Keisai Eisen 渓斎英泉 (1790–1848)
Wakashū and Geisha
From the series Grass on the Way of Love (Koi no michikusa)
Japan, Edo period (1615–1868), c. 1825
Woodblock print; ink and color on paper
Purchase, Richard Lane Collection, 2003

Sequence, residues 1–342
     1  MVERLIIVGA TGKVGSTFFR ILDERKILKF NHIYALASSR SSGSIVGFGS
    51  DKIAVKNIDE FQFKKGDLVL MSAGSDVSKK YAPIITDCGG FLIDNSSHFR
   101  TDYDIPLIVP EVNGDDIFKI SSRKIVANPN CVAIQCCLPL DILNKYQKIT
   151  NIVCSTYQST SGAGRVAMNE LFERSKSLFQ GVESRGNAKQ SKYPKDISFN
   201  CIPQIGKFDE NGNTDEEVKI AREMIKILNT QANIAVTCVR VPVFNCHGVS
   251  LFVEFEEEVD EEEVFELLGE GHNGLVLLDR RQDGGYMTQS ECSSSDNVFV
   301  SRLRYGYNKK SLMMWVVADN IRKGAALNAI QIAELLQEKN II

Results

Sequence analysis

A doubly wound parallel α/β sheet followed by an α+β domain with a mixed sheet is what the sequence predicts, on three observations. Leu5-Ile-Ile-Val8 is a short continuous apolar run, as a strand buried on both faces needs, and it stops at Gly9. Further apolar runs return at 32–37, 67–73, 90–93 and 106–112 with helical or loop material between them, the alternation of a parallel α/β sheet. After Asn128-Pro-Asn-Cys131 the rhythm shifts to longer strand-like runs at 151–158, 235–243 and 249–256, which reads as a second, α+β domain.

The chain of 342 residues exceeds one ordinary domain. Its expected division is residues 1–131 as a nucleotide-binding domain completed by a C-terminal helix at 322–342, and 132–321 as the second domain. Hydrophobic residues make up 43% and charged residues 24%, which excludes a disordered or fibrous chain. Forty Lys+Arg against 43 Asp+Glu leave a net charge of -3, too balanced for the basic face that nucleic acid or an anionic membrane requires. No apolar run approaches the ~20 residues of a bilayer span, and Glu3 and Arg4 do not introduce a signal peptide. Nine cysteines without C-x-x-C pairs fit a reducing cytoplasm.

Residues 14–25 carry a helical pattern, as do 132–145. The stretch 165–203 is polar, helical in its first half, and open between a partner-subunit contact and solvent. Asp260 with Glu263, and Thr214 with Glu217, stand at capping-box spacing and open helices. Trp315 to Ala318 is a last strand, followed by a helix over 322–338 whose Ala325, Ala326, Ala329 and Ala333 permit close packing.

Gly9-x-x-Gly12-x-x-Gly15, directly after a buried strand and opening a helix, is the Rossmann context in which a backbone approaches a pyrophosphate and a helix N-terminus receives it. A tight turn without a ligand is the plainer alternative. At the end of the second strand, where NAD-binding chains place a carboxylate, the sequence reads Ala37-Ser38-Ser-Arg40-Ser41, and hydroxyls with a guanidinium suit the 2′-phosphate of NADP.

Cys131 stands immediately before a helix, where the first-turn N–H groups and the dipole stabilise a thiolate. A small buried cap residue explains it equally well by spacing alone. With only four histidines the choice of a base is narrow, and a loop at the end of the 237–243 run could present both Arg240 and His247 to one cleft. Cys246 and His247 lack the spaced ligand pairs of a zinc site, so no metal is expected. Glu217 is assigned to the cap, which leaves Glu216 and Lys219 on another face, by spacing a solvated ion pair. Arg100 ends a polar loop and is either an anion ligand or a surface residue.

While images of nanshoku (male love) diminished in the 19th century, wakashū continued to be represented as sexually irresistible. Like the odoriko (literally, “dancing girl”) prostitutes who preceded them, geisha, who developed fame in the late 18th century for their musical and sexual abilities, adopted the fashion of wakashū and shaved the crowns of their heads. Here Keisai Eisen (1790–1848) depicts an amorous encounter between a wakashū and a geisha.
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